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Re: Splitting SRFI-10 into three?
Date: Wed, 13 Oct 1999 19:58:16 GMT
Let me try to restate your suggestions, to make sure I know
what you were saying.
... SRFI-10 proposes another, formal and generic, way of extending
external representations of scheme values, namely, via a #,(<symbol>
<datum>*) form. A particular SRFI-X that introduces a new data type
simply should pick up the appropriate <symbol> and decide upon
Am I right it representing your position?
It's not *my* position, it's my guess as to *your* position.
My suggestion dealt with new external representations in general, not
just external representations of new data types. This would include
an SRFI with your
#,(pi) #,(epsilon) #,(Infinity) #,(NaN)
Furthermore, consider "variable constants", for example,
#,(os-type). When the reader scans the code, it replaces #,(os-type)
with a literal symbol, e.g., Solaris, HP-UX. ...
Why not just use macros for this? As soon as you add a new level
you get problems because later levels cannot talk to earlier ones.
If the program cannot make use of the information before macro-expansion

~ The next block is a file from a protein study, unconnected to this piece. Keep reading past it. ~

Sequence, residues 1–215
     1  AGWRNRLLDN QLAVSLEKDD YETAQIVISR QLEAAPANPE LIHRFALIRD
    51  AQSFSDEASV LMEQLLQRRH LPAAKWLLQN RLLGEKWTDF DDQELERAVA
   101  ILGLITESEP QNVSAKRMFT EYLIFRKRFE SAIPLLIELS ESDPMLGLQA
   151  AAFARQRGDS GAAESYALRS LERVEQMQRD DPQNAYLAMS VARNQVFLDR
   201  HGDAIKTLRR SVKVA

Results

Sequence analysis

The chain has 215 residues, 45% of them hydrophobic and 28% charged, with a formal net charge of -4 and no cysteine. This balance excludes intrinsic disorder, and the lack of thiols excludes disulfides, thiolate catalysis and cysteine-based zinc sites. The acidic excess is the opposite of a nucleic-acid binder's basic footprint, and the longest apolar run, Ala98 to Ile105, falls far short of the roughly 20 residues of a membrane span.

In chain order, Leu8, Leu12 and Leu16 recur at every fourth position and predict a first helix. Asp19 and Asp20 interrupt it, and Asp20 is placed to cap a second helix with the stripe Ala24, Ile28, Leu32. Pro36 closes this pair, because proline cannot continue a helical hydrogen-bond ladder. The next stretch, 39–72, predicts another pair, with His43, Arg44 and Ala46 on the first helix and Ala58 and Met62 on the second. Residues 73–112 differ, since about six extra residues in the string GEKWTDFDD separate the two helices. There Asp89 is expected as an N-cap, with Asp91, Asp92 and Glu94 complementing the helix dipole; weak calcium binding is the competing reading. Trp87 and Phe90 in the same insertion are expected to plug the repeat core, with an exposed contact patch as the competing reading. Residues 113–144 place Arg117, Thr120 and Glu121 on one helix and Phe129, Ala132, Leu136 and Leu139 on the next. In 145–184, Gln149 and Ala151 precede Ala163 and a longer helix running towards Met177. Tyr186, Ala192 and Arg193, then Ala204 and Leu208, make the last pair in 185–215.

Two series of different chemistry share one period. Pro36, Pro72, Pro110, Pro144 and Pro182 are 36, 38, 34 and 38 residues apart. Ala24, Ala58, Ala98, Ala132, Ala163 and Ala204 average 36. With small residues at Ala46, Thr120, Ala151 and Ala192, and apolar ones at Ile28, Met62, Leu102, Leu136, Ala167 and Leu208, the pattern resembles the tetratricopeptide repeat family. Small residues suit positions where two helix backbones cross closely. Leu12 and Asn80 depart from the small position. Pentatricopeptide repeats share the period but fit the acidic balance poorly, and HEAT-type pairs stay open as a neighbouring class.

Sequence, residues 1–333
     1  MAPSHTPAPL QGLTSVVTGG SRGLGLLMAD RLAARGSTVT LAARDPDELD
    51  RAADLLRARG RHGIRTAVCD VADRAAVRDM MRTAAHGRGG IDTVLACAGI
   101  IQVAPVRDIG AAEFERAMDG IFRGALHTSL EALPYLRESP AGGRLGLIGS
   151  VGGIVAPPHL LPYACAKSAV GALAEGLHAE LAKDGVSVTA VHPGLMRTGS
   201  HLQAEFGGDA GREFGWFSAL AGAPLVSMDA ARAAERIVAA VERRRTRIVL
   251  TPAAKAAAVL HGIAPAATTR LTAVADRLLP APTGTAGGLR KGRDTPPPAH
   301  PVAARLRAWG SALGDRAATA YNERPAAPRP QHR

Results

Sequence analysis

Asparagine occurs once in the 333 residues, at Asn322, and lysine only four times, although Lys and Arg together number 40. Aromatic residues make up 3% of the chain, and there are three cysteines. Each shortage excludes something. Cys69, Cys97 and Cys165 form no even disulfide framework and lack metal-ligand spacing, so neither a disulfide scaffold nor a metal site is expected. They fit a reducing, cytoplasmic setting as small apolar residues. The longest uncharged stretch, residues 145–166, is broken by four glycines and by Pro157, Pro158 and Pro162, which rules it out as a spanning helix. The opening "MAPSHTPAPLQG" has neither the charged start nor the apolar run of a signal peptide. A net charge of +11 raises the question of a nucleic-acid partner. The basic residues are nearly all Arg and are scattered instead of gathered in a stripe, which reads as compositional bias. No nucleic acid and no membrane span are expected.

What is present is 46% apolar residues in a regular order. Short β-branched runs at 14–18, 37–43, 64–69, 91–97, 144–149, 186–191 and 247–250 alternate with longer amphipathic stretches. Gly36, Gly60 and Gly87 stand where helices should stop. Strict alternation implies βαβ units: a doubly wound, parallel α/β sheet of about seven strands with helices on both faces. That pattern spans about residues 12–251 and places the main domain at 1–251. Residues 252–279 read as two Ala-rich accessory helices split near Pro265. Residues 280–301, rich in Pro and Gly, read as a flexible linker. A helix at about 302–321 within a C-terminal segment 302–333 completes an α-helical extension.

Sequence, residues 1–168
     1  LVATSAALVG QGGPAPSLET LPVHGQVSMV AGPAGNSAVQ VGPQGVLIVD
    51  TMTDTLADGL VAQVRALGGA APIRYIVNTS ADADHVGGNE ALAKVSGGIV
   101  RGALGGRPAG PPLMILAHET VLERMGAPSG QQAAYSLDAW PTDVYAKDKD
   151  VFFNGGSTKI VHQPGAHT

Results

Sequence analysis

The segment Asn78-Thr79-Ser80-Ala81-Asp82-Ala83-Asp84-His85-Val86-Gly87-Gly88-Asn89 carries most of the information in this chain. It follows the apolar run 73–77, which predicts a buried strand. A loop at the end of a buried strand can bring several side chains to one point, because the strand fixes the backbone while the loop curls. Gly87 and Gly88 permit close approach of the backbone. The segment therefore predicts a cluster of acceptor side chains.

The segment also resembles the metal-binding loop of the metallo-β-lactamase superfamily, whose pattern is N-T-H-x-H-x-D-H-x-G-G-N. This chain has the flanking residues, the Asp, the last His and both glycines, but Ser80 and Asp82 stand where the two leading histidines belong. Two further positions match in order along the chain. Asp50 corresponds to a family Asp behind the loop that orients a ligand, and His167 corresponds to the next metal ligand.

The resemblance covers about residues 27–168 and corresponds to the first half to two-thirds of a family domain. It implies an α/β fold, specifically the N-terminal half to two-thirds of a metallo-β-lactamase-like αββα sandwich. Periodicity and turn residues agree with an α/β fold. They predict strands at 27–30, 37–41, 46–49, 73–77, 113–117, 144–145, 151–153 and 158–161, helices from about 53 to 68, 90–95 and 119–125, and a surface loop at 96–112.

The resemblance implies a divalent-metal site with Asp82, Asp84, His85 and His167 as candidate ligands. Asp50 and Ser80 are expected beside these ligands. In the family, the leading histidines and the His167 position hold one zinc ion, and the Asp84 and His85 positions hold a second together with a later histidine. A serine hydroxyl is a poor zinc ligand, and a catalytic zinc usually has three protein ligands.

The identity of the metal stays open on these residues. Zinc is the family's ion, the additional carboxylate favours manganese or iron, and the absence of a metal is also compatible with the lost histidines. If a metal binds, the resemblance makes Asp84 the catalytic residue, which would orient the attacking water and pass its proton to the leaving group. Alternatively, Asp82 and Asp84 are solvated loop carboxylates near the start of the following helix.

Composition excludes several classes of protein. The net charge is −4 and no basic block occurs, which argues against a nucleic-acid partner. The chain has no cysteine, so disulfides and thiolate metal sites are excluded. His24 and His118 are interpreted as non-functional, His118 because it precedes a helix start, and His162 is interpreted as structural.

time there is no utility in providing it at read time.
You're saying that SRFI-10 has nothing to implement. Yet it
extends the syntax of Scheme, and thus requests that a Scheme reader
at least recognize the #,() form. Currently it does not.
It does not extend the syntax of Scheme. You say so yourself:
When a non-SRFI-10 compliant reader comes
across a #,(foo) form, it immediately throws an error. When a SRFI-10
compliant reader sees the same form and does not know what to make of
the 'foo' tag, the reader reports generally a different kind of
The Scheme reports say nothing about the behavior of programs that are
grammatically incorrect, including whether an error is reported. All
legal programs that use SRFI-10 are just as legal without it. SRFI-10
does not extend the syntax or change the language in any way.
I guess you were saying that SRFI-10 was way overloaded.
I am saying that I do not understand what SRFI-10 is proposing.
It talks about read-time evaluation without providing a mechanism
for doing read-time evaluation. Either remove the talk or add the